What started out as a disappointing reality I was literally dragging my feet to accept, turned into one of the best decisions I’ve ever made. As I’ve said many times, I’m a firm believer everything happens for a reason and I was supposed start working there when I did. It provided me a group of lifelong friends and gave me my self-confidence back and the fuel to continue moving forward.
Now, no one has asked me to deliver a commencement speech (yet), but here are my takeaways from getting yourself out of a rut:
- Recognize and acknowledge you’re in a rut. It’s okay, we’ve all been there.
- Get your ego out of the way and do what you have to do. Stay humble.
- Move forward. Be relentless in your pursuit of better. Keep moving forward, even if it’s a little bit and in a slightly different direction than you had planned.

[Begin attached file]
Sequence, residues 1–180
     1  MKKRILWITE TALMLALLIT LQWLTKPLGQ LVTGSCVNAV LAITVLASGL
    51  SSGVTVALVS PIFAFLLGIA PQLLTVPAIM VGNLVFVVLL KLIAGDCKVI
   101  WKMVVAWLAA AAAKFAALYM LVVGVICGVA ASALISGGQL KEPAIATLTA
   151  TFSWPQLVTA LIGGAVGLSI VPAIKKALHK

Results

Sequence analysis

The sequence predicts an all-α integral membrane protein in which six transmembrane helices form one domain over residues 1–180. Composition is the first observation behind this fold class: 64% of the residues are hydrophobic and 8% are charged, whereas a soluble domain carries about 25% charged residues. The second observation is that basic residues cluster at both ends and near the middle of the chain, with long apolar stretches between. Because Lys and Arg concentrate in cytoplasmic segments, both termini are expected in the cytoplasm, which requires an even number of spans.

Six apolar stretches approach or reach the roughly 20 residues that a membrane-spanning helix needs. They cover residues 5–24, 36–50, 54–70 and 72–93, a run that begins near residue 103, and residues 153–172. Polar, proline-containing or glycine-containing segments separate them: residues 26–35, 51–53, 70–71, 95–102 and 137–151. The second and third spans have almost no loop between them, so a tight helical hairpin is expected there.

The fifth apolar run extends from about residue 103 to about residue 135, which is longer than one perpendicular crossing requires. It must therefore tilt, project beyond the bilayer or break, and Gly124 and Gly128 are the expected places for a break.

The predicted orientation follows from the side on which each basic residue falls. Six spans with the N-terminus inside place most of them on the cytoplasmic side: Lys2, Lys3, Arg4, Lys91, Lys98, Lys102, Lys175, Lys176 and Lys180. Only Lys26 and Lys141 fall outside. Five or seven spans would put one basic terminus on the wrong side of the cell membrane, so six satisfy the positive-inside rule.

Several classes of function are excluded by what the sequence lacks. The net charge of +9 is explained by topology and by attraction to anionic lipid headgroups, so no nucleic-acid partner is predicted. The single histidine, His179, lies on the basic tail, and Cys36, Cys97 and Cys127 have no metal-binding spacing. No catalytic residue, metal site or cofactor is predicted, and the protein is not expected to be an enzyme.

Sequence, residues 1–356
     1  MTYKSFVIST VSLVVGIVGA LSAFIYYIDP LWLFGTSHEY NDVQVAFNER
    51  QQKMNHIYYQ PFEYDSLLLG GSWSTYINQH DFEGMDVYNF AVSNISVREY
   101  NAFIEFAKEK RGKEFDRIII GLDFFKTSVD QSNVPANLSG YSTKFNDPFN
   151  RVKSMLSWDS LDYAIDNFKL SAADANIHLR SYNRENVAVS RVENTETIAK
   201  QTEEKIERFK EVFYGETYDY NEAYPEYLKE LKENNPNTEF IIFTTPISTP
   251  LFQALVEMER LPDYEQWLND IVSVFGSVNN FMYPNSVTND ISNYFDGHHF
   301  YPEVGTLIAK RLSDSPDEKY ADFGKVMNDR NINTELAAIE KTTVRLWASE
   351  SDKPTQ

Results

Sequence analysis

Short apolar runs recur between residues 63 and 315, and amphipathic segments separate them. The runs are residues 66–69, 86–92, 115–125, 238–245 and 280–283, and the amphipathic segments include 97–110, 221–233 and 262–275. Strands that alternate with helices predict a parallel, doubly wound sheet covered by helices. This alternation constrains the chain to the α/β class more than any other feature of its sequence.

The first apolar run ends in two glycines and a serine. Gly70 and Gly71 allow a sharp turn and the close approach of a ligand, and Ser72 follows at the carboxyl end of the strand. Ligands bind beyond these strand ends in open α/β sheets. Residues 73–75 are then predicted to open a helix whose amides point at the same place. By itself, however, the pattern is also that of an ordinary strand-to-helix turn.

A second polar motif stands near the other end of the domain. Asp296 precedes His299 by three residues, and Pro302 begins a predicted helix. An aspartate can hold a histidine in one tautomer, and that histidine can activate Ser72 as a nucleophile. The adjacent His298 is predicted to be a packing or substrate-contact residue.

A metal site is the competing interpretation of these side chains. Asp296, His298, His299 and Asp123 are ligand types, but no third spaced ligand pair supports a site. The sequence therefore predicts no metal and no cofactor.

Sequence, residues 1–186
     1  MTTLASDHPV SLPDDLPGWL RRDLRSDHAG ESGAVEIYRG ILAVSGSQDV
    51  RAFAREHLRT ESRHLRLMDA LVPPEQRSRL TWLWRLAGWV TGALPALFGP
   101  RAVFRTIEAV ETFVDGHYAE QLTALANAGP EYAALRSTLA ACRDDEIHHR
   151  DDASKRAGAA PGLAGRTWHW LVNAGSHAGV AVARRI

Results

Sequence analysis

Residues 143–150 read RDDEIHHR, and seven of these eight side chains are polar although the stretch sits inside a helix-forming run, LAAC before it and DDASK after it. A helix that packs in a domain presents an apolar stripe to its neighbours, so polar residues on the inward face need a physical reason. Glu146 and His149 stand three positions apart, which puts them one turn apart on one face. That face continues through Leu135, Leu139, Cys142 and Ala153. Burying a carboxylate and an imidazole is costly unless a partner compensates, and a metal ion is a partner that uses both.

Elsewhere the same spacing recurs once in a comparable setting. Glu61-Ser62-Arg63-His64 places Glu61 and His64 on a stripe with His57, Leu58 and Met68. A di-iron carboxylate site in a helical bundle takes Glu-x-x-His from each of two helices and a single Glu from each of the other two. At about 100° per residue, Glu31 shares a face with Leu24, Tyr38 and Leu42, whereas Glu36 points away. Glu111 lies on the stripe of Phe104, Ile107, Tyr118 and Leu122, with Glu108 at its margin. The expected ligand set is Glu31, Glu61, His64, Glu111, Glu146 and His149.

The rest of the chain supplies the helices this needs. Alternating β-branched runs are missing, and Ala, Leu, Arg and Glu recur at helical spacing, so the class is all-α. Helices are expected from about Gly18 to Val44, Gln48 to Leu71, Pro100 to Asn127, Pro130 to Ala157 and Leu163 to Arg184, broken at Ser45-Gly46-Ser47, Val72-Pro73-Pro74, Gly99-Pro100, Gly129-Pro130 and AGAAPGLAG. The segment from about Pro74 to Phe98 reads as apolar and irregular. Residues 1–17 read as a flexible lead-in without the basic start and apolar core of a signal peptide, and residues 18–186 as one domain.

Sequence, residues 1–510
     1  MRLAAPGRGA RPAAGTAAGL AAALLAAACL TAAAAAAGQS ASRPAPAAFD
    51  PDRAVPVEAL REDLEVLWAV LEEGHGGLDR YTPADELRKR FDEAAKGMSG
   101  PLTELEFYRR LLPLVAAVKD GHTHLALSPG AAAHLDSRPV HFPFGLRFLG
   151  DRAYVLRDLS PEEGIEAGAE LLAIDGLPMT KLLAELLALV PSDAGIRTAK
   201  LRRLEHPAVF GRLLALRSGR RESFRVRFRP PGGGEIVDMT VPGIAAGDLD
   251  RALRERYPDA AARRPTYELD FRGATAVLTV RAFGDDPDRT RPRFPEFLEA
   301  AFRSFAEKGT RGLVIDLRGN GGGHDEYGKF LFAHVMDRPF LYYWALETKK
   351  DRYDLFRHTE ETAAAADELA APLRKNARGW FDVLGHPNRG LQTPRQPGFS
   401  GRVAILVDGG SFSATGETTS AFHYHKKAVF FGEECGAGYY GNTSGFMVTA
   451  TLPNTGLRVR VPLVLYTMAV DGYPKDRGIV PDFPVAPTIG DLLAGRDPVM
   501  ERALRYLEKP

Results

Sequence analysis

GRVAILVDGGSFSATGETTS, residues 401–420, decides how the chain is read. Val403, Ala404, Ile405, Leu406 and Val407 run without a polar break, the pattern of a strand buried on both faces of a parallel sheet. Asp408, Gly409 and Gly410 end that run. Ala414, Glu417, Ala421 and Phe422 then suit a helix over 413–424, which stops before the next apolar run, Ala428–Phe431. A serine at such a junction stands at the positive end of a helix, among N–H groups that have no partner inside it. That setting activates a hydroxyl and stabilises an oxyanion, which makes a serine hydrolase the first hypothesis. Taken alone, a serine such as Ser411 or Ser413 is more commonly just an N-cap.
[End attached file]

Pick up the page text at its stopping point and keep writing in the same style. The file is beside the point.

- Lead from where you’re placed, whether that’s on the bench or on the field (thank you, Abby).
- Surround yourself with people who give you energy and continuous support. It’s really hard/draining to be the security blanket who takes care of others when you are still sorting through your own mess. You have to put the oxygen mask on yourself before you can help others.
- Try to have fun while you’re doing all the tough personal growth stuff. It’s okay to let the light in while you’re wading through the darkness.
- Lastly, be patient and be kind to yourself. I promise it’ll be worth it in the end.